For the second year in a row, the average net salary of some 1.1 million hospital civil servants fell by 0.8% in 2019 taking inflation into account, according to figures published by Insee and la Drees, this Thursday.
Before the general increase in the “Ségur de la santé”, the hospital staff were in the process of impoverishment.
Down 1% in 2018, then 0.8% in 2019, their salary fell to 2,315 euros net on average for a full-time job, "thus returning to almost its level of 2013", indicate the two official statistics organizations.
Less premiums for doctors
In the absence of a revaluation of the index point, inflation (1.1%) has erased the meager increase "in current euros" in remuneration (0.3%).
A combination that penalized civil servants (-0.8%) more than contract workers and doctors (-0.3%).
The former, who represent nearly three quarters of the workforce, were adversely affected by an overall reduction in their premiums, disadvantaging the more qualified agents of categories A (-1.1%) and B (-1%), without sparing those of category C (-0.8%).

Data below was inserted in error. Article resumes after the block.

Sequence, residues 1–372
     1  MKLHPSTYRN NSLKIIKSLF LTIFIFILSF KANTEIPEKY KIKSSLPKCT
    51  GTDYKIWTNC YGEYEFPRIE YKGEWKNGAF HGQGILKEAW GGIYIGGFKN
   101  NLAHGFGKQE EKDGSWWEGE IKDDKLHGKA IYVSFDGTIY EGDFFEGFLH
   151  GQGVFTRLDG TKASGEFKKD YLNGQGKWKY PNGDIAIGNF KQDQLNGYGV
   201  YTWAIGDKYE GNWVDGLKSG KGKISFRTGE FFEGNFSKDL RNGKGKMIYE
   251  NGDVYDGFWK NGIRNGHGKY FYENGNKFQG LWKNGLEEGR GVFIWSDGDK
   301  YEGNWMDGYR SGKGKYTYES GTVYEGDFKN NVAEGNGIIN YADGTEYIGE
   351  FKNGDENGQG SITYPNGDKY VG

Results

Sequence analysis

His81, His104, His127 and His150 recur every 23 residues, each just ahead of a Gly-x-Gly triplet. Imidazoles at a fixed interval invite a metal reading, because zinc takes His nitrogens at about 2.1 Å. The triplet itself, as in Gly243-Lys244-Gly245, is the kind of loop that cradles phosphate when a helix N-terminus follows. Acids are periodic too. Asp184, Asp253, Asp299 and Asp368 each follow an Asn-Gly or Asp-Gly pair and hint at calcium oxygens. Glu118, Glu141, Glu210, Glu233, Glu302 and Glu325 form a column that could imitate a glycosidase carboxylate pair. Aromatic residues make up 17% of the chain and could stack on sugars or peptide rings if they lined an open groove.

On the contractual side, the lesser recourse to subsidized contracts - "on average less remunerated" - "mechanically" dampened the fall in wages.
A high turnover
This general trend is however the result of a high turnover, with 17% of employees “entering” and as many “leaving” the public service in 2018 and 2019. Two-thirds of employees who have not changed employer have on the contrary, “the positive effects of seniority gains and career progression”, with an average increase of 0.4% in their net salary.
In addition, the disparities between high and low wages are "slightly" reduced, as well as the gap between women and men: 20.6% overall, 3.6% "with an identical profile".
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